The bridge remained an ongoing problem. John Fowler replaced Spaulding as engineer but there was only so much he could do in the face of major construction deficiencies. The bridge was ravaged repeatedly every winter for the next three years. In 1861 it finally collapsed, apparently aided and abetted by sabotage, courtesy of the rival PHL&B. Using rather underhanded tactics, the PHL&B had managed to gain control and get the C&P under lease in 1859. They then proceeded to ransack the railway and transfer various components and equipment over to the PHL&B. The new operators later admitted to removing the iron bolts and fittings from the bridge and moving them to their Millbrook line, thereby contributing to the final collapse. Considering the sorry state of construction, this final piece of treachery hardly seemed necessary.

By the mid 1860s, the beleaguered citizens of Cobourg had mortgaged their future by investing over $1 million in a bankrupt railway that went to nowhere. On the other hand, the citizens of Peterborough were now being served by two railways (when the C&P was running) without having invested a penny. Determined to salvage whatever they could, the railway was sold to the Marmora Iron Works in 1866 for $100,000. The company, which had recently been acquired by a group of American investors, planned to use the railway to haul iron ore from the new mine in Blairton on Crowe Lake.

On paper it all looked good. The new owners merged the two companies together as the Cobourg, Peterborough & Marmora Railway and Mining Company (CP&M&M) and built a new stretch of line from Trenton Bridge to Crowe Lake. Ore was then loaded from rail on to barges, hauled over to Harwood where it was transferred back to rail and then on to the docks at Cobourg for shipping to the US.

The mine was successful for a number of years until unforeseen events once again conspired against the railway. A serious economic downturn in 1873, coupled with a collapse in the iron market, led to the closure of the mine. By 1877 the company was bankrupt. In 1885 the assets were purchased for $30,000 and reorganized as the Cobourg, Blairton & Marmora Railway & Mining Company (a simple switch of names from Peterborough to Blairton). A hoped-for sale to the Ontario and Quebec Railway (later Canadian Pacific Railway) never materialized. The remains of the company were finally absorbed into the Grand Trunk Railway (GTR) in 1893.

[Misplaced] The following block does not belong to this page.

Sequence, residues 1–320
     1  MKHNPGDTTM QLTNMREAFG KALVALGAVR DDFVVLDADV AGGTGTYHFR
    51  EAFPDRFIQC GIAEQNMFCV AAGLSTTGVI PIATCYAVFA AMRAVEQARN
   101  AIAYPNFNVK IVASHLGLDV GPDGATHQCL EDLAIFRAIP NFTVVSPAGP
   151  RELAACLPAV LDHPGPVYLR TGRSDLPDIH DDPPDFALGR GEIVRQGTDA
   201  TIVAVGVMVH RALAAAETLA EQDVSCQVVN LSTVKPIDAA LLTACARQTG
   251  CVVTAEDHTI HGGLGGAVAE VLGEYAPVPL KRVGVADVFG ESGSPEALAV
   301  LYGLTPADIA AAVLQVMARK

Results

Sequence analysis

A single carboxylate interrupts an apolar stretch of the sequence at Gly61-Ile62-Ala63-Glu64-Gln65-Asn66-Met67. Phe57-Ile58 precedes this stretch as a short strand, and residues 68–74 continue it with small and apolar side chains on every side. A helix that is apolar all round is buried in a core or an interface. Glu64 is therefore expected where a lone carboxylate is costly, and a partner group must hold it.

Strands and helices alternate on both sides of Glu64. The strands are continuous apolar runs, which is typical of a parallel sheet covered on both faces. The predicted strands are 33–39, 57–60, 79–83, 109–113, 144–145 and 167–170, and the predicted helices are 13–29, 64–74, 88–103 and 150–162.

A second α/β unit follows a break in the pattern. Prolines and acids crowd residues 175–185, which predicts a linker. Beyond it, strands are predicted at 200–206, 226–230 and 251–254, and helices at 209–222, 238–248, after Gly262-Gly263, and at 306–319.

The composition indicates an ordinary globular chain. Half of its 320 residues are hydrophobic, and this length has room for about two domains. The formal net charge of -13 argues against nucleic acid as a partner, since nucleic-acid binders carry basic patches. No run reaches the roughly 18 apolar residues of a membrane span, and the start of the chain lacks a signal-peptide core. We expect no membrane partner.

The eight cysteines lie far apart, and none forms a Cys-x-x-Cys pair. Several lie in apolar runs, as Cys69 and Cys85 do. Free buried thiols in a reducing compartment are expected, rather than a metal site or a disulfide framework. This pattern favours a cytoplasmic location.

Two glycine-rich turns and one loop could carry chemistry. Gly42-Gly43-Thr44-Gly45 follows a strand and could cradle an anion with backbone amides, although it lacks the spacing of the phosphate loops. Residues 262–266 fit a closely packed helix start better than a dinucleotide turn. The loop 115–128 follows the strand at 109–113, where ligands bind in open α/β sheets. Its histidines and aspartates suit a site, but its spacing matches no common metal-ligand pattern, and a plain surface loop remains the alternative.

The GTR (later CN) had little need for the CP&M&M. By then the mines were already being well served by the Central Ontario Railway with a connection to the GTR in Trenton. The Blairton section was immediately abandoned. The remainder of the railway remained in use until 1898 when it was mercifully extinguished by the GTR. The section from CN's main line to the port in Cobourg lasted until the 1980s.

The Cobourg and Peterborough Railway began as an early and enlightened plan of using rail to help build the industrial base of a community. Sadly this ill-fated project was the victim of poor planning, betrayal by the directors, competing business interests and sheer bad luck. A few vestiges, mainly stations, are all that remain of the C&P. The Harwood station is now owned by the Harwood Station Heritage Museum Foundation. Plans are currently underway to restore the station and turn it into a museum.

The town of Cobourg continues to be well-served by rail, both CN and CPR. The VIA Rail station, built in 1911 by the GTR, has been restored and remains in use as a passenger terminal.